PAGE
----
Obama is Being Republican Lite

January 26, 2009 | By | 3 Replies More

Lofty rhetoric aside, after the election dust has settled, President Barack Obama seems to be giving us “Republican Lite” in his proposed economic stimulus package which may go over $850 billion. The package includes some $300 billion in tax cuts and $100 billion in givebacks to big business and other large business tax breaks long sought after by the US Chamber of Commerce and the National Association of Manufacturers.

The plan seems to be a shill to allow for more Republican support in the US Senate where President Obama apparently fears a filibuster from a weakened GOP. GOP minority leader Sen. Mitch McConnell (R-TN.) has said the bill will likely be passed by mid-February.

Former Senator Obama’s legislative centrist instincts have taken over.  He is moving towards tax cuts as a more palatable palliative for economic woes in contrast to his recent rhetorical flourishes promising an “American recovery and reinvestment plan” and a “jumpstart in new job creation” by investing in “our highest priorities, energy and education, health care and a new infrastructure necessary to keep us strong and competitive…”

The new Obama stimulus plan puts roughly one third of its focus in tax cuts, and merely some 18% into investments in infrastructure. Assuming that the recipients of the tax cuts spend the money rather than pay off already incurred debts as we did with the last rebates authorized under President Bush, such spending would not have the direct effects of job creation and lasting result as investments in roads, highways, bridges, electrical wires, and our educational infra structure. For example, the proposed US House bill has authority for school construction bonds of some $11 billion in 2009 and 2010, where the Senate version would only authorize $5 billion.

Under Bill Clinton, there were proposals for as much as $25 billion in such bond authority so as to stimulate jobs and provide a lasting educational infrastructure for states and localities and to relieve local taxpayers’ burdens of support for education.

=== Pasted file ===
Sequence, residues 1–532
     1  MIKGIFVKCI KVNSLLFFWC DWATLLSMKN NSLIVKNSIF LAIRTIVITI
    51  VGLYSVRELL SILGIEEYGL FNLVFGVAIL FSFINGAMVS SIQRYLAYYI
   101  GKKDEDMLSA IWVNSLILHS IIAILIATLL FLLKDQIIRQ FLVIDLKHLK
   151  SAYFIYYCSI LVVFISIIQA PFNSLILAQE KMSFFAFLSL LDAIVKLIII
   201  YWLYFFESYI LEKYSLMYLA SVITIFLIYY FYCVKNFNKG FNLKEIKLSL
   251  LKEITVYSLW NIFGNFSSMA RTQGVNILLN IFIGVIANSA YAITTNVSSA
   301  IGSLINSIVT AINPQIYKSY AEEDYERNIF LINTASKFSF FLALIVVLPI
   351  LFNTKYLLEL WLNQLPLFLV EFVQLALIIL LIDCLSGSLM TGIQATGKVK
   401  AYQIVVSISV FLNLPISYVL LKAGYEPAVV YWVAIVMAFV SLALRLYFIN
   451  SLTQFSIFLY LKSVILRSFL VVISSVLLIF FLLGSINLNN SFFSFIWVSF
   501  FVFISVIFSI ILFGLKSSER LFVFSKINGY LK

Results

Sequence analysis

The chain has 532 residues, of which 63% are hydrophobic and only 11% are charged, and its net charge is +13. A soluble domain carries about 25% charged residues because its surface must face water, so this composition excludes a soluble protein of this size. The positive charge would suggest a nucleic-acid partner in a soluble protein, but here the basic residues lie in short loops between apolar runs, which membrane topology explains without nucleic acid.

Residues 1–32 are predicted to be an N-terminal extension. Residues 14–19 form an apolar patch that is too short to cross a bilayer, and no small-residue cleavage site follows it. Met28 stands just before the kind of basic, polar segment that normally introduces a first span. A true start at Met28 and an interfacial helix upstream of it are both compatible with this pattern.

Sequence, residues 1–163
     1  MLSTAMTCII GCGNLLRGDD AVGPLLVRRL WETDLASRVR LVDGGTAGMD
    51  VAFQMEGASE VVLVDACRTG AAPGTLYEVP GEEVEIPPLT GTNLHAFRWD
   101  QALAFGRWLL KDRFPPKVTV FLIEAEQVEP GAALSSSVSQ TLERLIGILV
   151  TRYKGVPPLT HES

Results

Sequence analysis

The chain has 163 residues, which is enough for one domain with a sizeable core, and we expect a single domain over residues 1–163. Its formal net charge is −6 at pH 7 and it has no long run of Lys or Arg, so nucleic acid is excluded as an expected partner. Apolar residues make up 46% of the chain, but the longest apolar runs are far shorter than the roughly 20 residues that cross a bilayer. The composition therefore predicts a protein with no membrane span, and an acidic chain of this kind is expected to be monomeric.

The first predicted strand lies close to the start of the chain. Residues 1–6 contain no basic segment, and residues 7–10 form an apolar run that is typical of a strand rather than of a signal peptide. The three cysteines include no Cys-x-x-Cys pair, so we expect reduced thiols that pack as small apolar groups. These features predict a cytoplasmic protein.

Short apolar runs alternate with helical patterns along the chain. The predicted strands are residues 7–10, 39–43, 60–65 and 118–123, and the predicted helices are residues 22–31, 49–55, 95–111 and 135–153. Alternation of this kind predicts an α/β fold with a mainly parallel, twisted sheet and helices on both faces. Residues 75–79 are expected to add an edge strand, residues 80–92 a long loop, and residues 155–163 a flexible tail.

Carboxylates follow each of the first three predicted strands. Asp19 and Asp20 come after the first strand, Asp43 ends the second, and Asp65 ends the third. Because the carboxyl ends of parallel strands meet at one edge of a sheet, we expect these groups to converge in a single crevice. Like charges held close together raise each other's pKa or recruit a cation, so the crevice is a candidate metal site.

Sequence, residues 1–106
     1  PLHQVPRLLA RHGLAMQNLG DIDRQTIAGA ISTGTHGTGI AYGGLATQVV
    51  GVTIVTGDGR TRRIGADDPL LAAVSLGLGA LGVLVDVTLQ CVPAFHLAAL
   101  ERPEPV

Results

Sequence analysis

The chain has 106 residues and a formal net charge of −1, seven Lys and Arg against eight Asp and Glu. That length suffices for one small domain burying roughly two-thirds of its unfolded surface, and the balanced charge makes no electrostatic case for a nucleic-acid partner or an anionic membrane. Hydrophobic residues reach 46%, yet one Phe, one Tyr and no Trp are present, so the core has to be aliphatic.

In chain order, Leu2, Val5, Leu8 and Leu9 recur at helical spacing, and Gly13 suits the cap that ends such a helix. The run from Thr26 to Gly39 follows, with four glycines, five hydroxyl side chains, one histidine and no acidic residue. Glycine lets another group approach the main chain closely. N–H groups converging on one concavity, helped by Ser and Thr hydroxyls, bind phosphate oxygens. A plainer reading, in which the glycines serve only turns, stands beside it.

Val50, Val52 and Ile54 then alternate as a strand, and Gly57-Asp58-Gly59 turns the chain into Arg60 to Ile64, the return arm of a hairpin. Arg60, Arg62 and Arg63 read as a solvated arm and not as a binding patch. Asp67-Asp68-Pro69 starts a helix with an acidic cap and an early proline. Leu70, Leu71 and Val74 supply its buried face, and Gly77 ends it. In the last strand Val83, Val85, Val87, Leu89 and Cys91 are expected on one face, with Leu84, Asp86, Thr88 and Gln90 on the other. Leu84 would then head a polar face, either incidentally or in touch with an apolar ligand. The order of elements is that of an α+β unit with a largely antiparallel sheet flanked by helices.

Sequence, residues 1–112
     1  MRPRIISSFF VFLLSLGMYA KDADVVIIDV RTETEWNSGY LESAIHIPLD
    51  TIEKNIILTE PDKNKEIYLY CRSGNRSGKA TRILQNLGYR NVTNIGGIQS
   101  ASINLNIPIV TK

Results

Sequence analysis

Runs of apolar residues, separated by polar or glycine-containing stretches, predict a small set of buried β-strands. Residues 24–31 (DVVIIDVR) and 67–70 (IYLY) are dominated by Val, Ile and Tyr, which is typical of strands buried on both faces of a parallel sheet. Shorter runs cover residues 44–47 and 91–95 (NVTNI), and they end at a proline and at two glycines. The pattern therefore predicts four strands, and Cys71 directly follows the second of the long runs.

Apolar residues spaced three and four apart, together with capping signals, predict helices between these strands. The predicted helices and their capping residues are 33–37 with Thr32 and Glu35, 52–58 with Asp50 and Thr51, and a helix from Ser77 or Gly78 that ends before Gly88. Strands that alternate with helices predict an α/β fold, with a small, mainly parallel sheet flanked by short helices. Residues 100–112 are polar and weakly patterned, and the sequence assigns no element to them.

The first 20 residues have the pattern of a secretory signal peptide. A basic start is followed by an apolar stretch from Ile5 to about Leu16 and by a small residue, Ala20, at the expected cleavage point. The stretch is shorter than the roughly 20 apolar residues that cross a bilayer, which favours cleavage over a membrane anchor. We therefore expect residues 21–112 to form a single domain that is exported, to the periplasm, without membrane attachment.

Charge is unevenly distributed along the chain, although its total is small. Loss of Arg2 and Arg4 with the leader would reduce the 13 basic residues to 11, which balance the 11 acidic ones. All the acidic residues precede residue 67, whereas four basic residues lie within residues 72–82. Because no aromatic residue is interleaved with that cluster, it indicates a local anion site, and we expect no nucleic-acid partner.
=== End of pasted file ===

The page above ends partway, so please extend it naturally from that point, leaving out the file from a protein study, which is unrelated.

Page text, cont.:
While on the campaign trail, candidate Obama promoted a less than universal health care plan and a stimulus package of only $75 billion in aid which focused on across-the-board tax cuts over both aid to the hardest-hit families and help for state and local governments.

Paul Krugman then criticized Obama’s proposals for being “tilted to the right” and “less progressive than his rivals…”

Since then, Prof. Krugman won the Nobel Prize for economics and Senator Obama won election as President of the United States promising us change.  I don’t see a recovery plan which gives more hundreds of billions in tax breaks to big business as any change over what we had under President Bush or would’ve had under a President McCain. President Obama, stop giving us “Republican Lite” and be the change we elected.

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Category: Economy, Politics

About the Author ()

imothy E. Hogan is a trial attorney, a husband, a father of two awesome children and a practicing Roman Catholic in St. Louis, Missouri. Mr. Hogan has done legal and political work in Jefferson City, Missouri for partisan and non-partisan social change, environmental and consumer protection groups. Mr. Hogan has also worked for consumer advocate Ralph Nader in Washington, DC and the members of the trial bar in the State of New York. Mr. Hogan’s current interests involve remaining a full time solo practitioner pioneer on the frontiers of justice in America, a good husband and a good father to his awesome children.

Comments (3)

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  1. Joshu says:

    This is a rather spot-on assessment of the situation, I'd say.

    While I do see Obama as being an *overall* improvement over the previous administration, situations like this make me wonder if his more progressive stances might be overshadowed by his tendency to "reach across the aisle". On the other hand, however, this bipartisanship may very well end up making it easier- in the long run- to drum up support for progressive policies from both Democrats and Republicans.

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